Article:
“In the 1850s the U.S. investigated ways to move military equipment over land to protect the California goldfields. Camel caravans were deemed a possible solution.” (pg.159) The Department of War proposed importing camels to use for military services. Camels have great stamina, they can go days without water, they could eat prickly plants along the road, and they can carry up to 900 pounds, it was for these reasons they thought the camel was a good option. In 1855, Congress designated $30,000 to experiment with these camels. They purchased 33 camels from ports on the Mediterranean. Camels were proven useful on expeditions and even served in combat successfully. The downside to using the camels was, they smelled, they are stubborn, and they made awful noises. They also spit large, sticky, smelly masses of cud at people they do not like.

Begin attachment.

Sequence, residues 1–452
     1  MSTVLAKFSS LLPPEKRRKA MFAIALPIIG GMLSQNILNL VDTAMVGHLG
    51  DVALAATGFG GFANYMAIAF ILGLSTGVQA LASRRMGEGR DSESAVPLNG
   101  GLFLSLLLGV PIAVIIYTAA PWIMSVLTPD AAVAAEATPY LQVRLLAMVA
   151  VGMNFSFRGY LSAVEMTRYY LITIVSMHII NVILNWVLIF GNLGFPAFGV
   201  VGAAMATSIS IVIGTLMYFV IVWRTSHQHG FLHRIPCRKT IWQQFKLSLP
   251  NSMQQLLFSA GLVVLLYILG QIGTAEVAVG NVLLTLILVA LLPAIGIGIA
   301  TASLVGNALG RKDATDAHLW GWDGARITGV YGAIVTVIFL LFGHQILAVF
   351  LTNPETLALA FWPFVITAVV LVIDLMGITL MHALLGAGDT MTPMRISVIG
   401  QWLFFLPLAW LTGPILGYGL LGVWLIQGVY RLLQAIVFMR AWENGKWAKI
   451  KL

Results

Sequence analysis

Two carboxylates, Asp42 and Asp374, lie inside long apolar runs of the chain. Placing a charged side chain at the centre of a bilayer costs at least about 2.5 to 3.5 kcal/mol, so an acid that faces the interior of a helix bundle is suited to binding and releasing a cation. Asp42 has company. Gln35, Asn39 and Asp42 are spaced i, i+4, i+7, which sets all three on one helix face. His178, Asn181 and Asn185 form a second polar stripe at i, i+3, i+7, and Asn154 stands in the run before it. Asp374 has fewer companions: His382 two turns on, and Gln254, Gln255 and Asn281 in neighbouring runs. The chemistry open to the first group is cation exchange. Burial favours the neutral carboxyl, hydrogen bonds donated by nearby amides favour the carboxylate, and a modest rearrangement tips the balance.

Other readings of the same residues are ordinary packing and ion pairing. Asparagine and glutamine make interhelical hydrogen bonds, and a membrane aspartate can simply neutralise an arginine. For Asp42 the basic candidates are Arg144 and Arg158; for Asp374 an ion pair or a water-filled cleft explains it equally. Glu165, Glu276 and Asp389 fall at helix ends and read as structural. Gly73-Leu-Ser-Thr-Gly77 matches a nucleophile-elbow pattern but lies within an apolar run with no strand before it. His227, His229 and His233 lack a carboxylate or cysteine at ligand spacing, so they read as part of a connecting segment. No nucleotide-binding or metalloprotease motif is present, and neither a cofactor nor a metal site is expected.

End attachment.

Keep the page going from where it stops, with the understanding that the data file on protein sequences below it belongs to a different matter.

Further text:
Wills, Matthew. “The U.S. Army’s Remarkable Camel Corps of the 1850s.” 26 Feb. 2001.
Stephens, A. Ray, and Carol Zuber-Mallison. Texas: a Historical Atlas. University of Oklahoma Press, 2010.